Sunday, September 5, 2010

SLR Killed the Video Star...

One of the major topics of discussion among filmmakers right now is the rising battle between using an SLR to shoot video or keeping with a video camera. SLR's have never really been known for their amazing video quality in times past, but the release of the T2i proved the existence of an SLR's capability for shooting video. Now all filmmakers are racing to the stores to replace their video cameras with T2i's, 5D's, and 7D's.
I, myself, have yet to jump on this bandwagon. The main argument in favor of SLR video shooting is because of the depth of field and option of interchangeable lenses; which I do believe to be a great advantage for video. I am just not a fan of trying to shoot a film with a photo camera. Sure, you can keep the camera on a tripod and that is just as effective as a video camera on a tripod, but what about hand-held shots. That would be a pain in the butt to try and shoot on a photo camera. Yes, I know you can buy shoulder mounts and all sorts of equipment to turn your SLR into a videoesque-type of camera, but then you end up spending twice as much money to do so. Also, the lack of an audio input option will make it a pain to try and link up the audio and video in post.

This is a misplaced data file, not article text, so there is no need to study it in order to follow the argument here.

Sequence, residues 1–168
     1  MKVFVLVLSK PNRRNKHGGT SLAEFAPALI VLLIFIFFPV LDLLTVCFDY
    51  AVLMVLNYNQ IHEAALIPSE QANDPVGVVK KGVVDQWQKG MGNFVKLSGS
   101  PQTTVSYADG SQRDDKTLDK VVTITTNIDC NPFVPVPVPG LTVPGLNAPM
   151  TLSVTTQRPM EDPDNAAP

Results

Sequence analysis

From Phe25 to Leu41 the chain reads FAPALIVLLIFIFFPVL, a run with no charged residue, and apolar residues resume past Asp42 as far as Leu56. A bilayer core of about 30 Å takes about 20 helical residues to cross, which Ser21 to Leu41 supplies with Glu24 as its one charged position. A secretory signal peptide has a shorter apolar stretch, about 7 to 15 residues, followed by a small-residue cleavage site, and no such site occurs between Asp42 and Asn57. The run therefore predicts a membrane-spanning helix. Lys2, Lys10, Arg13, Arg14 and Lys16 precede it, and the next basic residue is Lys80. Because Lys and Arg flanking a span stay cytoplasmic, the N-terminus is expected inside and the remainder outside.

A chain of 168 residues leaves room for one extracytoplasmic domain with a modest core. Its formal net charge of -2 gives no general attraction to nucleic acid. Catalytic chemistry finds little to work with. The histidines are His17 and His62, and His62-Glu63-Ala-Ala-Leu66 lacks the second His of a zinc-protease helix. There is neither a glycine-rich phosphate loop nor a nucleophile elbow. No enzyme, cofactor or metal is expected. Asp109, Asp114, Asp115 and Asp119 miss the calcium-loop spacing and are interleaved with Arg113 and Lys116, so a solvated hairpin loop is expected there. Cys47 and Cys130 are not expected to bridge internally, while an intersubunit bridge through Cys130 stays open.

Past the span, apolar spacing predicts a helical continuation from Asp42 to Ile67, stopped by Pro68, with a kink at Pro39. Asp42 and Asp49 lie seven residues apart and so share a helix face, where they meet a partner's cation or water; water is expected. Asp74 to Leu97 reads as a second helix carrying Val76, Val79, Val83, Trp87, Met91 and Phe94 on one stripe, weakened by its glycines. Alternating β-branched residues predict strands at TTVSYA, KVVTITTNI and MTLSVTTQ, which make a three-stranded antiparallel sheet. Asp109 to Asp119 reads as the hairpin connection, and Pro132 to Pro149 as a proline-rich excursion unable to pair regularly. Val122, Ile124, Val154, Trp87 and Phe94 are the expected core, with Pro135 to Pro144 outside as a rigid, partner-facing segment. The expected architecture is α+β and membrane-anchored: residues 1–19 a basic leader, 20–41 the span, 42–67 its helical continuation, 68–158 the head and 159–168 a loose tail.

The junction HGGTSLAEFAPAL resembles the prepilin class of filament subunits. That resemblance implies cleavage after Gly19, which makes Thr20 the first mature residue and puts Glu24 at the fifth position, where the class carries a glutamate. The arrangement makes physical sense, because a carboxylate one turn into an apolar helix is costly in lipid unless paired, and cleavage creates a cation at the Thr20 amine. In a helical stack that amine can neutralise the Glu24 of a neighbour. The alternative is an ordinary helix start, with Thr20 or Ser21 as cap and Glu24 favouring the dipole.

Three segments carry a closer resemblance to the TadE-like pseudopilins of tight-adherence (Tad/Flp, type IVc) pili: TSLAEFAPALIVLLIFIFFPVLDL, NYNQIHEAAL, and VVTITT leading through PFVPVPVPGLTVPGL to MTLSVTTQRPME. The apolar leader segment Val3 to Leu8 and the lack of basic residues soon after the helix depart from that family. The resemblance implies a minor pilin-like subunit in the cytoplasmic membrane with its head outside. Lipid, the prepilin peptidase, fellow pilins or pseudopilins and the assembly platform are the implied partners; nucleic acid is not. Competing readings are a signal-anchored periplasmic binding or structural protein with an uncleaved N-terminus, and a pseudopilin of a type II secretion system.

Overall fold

Video camera companies are already scrambling to replicate the option of interchangeable lenses and greater depth of field in their cameras; so it won't be long before we can once again buy video cameras that are just as good, if not better, as the current SLR's. Then all filmmakers are going to scramble to buy the video cameras and toss off their old SLR's. I'm just biding my time until that happens. True, the current cameras with SLR-video capability are very expensive, but that's just because they're in experimental phase. Soon enough the prices will equal out.